ith 2,000 miles of coastline, a wealth of microclimates
and a heady mix of native traditions fused with the
culinary contributions of a host of immigrants, Peru
is a foodie mecca. A growing number of U.S. chefs from coast to
coast are mining that “sleeping giant”—as Peruvian-born Ricardo
Zarate, chef/owner of Mo-chica and Picca, Los Angeles, calls it—
in stylish interpretations of Peru’s richly varied cuisine.
One of Zarate’s interpretations is causa—mashed potatoes,
layered and molded, often with seafood, avocado and yellow
chiles. His version is bite-sized, inspired by cut sushi and
drawing on his 12 years working in Japanese restaurants. “My
food is simple, approachable and accessible,” he says. “In my
more modern interpretations, I am respecting the tradition.
“With the economy collapsing everywhere, I believe people are
seeking earthy, simple, primal and basic foods, and Peruvian
cuisine fits the bill. With this food, you can see and recognize all
of the ingredients on the plate, which is comforting. The food
may seem outwardly simple, but in the mouth, flavors should
explode and be vibrant and memorable.”
Peruvian-born Juan Chipoco, executive chef at CVI.CHE 105 in
Miami, reflects Peru’s multicultural population and draws on Italian
influences in preparing trigo, a kind of wheat kernel cooked risotto-style. He also serves cannelloni stuffed with quinoa, a protein-rich
super-grain, saucing it with ají yellow pepper and red rocoto pepper.
PHOTO CREDIT: Opposite, CIA/Scott Miller, right, Basil Childers
CVI.CHE 105 serves a wide variety of seafood-based dishes, from a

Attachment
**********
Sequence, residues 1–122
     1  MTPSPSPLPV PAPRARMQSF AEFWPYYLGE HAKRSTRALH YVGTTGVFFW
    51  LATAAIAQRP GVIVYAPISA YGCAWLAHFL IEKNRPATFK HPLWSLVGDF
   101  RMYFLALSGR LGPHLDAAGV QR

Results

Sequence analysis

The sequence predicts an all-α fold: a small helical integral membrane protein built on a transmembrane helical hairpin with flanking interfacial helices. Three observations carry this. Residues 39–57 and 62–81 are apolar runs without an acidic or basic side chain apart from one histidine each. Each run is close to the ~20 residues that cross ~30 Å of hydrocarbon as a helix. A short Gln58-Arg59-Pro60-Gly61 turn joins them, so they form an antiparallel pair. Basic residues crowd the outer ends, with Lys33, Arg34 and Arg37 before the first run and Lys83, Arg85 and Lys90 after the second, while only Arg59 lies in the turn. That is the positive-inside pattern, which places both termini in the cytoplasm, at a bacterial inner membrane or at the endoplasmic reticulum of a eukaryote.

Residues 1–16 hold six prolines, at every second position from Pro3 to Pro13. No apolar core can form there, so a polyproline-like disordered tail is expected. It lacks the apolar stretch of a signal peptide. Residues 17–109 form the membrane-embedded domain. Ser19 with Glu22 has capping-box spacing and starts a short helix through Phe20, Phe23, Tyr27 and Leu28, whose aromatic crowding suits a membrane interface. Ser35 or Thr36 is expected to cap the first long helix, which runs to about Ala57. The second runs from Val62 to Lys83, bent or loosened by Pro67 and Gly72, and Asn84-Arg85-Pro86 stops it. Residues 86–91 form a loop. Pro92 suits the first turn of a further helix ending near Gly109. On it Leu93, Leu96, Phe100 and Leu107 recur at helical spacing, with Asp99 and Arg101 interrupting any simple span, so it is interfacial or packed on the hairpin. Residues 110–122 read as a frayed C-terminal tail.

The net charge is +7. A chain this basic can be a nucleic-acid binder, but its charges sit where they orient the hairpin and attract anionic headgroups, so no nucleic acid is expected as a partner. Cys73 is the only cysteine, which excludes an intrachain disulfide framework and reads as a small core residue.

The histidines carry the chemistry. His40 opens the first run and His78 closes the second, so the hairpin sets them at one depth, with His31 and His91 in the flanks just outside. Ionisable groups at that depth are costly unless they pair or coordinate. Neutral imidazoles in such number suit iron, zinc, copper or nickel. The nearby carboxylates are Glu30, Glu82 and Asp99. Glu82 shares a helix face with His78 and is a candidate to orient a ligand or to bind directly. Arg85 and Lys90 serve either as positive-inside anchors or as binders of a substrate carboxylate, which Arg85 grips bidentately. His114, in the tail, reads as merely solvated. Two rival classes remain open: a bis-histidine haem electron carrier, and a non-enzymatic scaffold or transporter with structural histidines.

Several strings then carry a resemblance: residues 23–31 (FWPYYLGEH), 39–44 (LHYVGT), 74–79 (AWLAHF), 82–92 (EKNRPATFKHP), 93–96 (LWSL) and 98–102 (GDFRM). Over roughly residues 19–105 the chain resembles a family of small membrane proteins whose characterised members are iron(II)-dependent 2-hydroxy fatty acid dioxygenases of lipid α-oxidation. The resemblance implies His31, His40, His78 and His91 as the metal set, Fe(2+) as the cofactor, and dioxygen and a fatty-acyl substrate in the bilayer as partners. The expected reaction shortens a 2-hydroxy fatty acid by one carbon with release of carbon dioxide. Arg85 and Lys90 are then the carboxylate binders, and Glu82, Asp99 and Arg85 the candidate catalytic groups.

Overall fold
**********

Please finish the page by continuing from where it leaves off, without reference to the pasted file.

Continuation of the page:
ceviche to tiradito—thin slices of corbina or other local fish simply
plated with a splash of olive oil, herb, lime juice and a bit of salt
and pepper, topped with freshly cut herbs. Other specialties include
shaved pieces of baby octopus bathed in a Botija olive sauce, and
thin slices of fish sauced with passion fruit purée and herbs.
Chinese influences are evident in the restaurant’s stir-fry, lomo
salteado, comprising sliced steak, tomatoes, yellow Peruvian
peppers and onions all seasoned with soy sauce and sauteed
in a wok, then ignited with pisco. Unlike other parts of South
America, Peru’s geography doesn’t lend itself to major grazing
areas for animals. Therefore, beef and lamb are not the center
of the plate as they might be in Uruguay, Argentina or Brazil.
Small pieces of meat, sliced or cubed, do figure in the native
dishes, but are traditionally not the main event.
Following Peruvian tradition CVI.CHE 105 serves 20 different
pisco-based cocktails, one of which is mojito-style, enhanced
with mint, sugar and lime.
Marita Lynn, a Perth Amboy, N.J.-based caterer, has offered
all Peruvian inspired dishes on her catering menu since
2008, including ají de gallina (chicken in yellow pepper
sauce) and mini potato causas topped with lump crab meat,
chicken mousse or shrimp. Among Lynn’s appetizers is a fluke
ceviche served in miniature martini glasses and a crisp papa
huancaina, a creamy, rich, cheesy potato casserole, which
she deep-fries after it has cooked and cooled, leading to a
crunchy texture that redefines the dish.
OUT OF THE BOX
Hank Costello, head chef/kitchen manager at Andina, Portland,
Ore., believes there should be no rules or limitations in the
kitchen, and that a chef should never cook strictly within
boundaries but be open to trying something new. “But it’s
important to realize that we are not trying to fuse Peruvian
with other cuisines in our cooking,” says Costello, a California
native. “In Peru, there is already a strong tradition of fusing of
flavors. In fact, Peruvian cuisine arguably might be called the
first fusion cuisine.”
OPPOSITE: Peruvian yuca empanadas, a traditional hand-held food of Latin
America, was created by Pedro Miguel Schiaffino, chef/owner of Malabar, Lima,
Peru, at the 2011 Latin Flavors, American Kitchens conference in San Antonio
in October 2011.
ABOVE: At Andina, Hank Costello offers customers a menu that celebrates the
breadth and diversity of Peruvian cuisine.